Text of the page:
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Woodland Park Zoo - Press Release


March 28, 2012

Sightings of baby wallaby at Woodland Park Zoo

‒ First wallaby birth at the zoo ‒

Gigi Allianic, Rebecca Whitham
206.548.2550 |


  Photo Credit: Dennis Dow/Woodland Park Zoo

A 5-month-old wallaby joey at Woodland Park Zoo, shown in photos, has begun peeking out of mama’s pouch. The baby wallaby represents the first birth of a wallaby at the zoo

SEATTLE ‒ With a bit of patience and luck, visitors to Woodland Park Zoo may spot the head of a 5-month-old, red-necked wallaby peeking out of its mother’s pouch. The infant wallaby, known as a joey in the marsupial world, marks the first time a wallaby has been born at the zoo and is the first offspring for 3-year-old mom Kiley and 2-year-old father Maka.

The gender of the newborn joey has not been determined and is estimated to currently weigh just over a pound.

Wallabies are smaller members of the kangaroo family and are found primarily in Australia. At birth, the young are tiny, helpless, and undeveloped, weigh less than a gram and are roughly the size of a bean. The blind, hairless babies make the long trek after birth into the mother’s pouch where they suckle and develop over several months.

Zoo-goers can encounter the wallabies in the zoo’s Australasia exhibit along with wallaroos and emus, large ostrich-like birds. According to Deanna Ramirez, a collection manager at Woodland Park Zoo, the mother can be identified by an orange ear tag on the front of her right ear. “But be prepared. Kiley is quite shy,” notes Ramirez. “She tends to hide behind a row of bushes but occasionally ventures toward the front of the exhibit. Visitors may have to exercise a little patience for a sighting of mom and the joey, but it’s worth the reward of a cute photo opportunity. The joey is characteristically curious and is sticking its arms and feet out of the pouch as well.”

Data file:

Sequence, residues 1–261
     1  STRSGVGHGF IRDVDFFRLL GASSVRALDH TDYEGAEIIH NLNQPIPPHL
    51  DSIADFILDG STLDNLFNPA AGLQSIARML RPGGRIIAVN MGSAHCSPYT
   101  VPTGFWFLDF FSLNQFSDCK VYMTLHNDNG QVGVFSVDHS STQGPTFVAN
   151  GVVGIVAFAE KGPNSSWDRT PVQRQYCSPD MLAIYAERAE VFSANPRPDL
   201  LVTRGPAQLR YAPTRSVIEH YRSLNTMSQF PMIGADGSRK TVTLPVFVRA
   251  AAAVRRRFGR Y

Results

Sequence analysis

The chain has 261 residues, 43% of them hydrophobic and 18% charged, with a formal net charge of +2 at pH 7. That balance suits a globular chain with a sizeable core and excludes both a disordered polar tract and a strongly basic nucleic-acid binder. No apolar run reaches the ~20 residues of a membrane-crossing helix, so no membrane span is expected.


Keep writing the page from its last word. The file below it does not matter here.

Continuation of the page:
In another two to three months, the joey should begin hopping around outside of the pouch but will continue going in and out of the pouch for feeding. “It should be completely out of the pouch later this summer. For now, if you watch closely, you can see the joey moving around inside the mother’s pouch,” explained Ramirez.

Another birth has taken place in the Australasia exhibit. Zookeepers last week confirmed the presence of another newborn joey, this time in the pouch of a wallaroo. “We should be catching the first sightings of the wallaroo joey sometime in June or July,” added Ramirez.

Woodland Park Zoo participates in 72 Species Survival Plans (SSPs) sponsored by the Association of Zoos & Aquariums (AZA), including the SSP for the red-necked wallaby. Led by experts in husbandry, nutrition, veterinary care, behavior, conservation and genetics, AZA-accredited institutions manage each species as one population in North America to maximize genetic diversity, with the goal of ensuring the long-term survival of the population and the health of individual animals. SSPs also involve a variety of other collaborative conservation activities such as research, public education, reintroduction and field projects.

Woodland Park Zoo is open 9:30 a.m. to 4:00 p.m. daily through April 30. Admission through April 30: Adult (13-64) id="mce_marker"1.75; Child (3-12) $8.50; Toddler (0-2) free. Active and retired U.S. military and their families, seniors and people with physical disabilities receive an admission discount. Zoo members receive free zoo admission year round. Parking: $5.25.

For a Rainy Day Discount coupon, go to and check if it has been posted for the day. When offered, the discount coupon is good for 50% off on regular admission to the zoo, limit four admissions per coupon. The coupon will appear no later than 4:00 p.m. the day before the coupon is valid. Discounts cannot be combined with other discounts or offers, and are good only for the day indicated on the coupon. If there isn’t a coupon, be sure to check back on another day.


Accredited by the Association of Zoos & Aquariums, award-winning Woodland Park Zoo is famed for pioneering naturalistic exhibits and setting international standards for zoos in animal care, conservation and education programs. Woodland Park Zoo is helping to save animals and their habitats in the Pacific Northwest and around the world. By inspiring people to care and act, Woodland Park Zoo is making a difference in our planet’s future. For more information, visit

Woodland Park Zoo saves animals and their habitats through conservation leadership and engaging experiences, inspiring people to learn, care and act.